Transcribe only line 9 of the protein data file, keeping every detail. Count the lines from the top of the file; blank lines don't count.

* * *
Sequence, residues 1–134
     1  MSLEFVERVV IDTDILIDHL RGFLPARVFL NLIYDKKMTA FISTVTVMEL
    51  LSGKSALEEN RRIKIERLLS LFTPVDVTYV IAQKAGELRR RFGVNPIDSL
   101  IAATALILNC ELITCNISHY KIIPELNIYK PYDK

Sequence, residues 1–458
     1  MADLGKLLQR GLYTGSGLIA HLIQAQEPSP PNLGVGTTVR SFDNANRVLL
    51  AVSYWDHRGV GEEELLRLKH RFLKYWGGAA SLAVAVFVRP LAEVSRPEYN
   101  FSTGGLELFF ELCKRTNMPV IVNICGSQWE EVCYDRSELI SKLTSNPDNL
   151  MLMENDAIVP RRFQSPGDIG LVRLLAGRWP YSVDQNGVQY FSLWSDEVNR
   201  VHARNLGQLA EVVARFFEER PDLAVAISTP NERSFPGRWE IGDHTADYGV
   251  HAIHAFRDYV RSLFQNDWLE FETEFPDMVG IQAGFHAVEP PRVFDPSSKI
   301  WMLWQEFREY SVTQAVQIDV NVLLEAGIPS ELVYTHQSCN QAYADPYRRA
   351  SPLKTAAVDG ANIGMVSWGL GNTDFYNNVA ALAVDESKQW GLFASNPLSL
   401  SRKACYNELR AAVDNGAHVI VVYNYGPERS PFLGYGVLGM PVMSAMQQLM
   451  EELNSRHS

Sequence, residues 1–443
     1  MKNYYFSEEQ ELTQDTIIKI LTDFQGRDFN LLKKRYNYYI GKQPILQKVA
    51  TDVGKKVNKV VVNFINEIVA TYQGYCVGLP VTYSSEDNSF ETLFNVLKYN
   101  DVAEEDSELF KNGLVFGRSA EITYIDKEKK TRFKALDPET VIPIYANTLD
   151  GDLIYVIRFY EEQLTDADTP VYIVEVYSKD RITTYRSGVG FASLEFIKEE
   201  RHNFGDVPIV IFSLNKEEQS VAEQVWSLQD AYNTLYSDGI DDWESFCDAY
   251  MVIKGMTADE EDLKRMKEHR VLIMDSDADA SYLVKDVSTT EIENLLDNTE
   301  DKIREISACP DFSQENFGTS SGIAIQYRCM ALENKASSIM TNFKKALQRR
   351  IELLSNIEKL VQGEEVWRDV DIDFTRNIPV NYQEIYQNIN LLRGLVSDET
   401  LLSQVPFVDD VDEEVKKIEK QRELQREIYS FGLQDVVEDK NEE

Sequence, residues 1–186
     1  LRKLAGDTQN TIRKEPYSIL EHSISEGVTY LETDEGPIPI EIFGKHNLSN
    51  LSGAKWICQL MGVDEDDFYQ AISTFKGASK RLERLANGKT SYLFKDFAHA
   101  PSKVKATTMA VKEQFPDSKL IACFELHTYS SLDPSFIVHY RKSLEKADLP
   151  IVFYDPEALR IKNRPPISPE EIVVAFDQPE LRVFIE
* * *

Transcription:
   151  MLMENDAIVP RRFQSPGDIG LVRLLAGRWP YSVDQNGVQY FSLWSDEVNR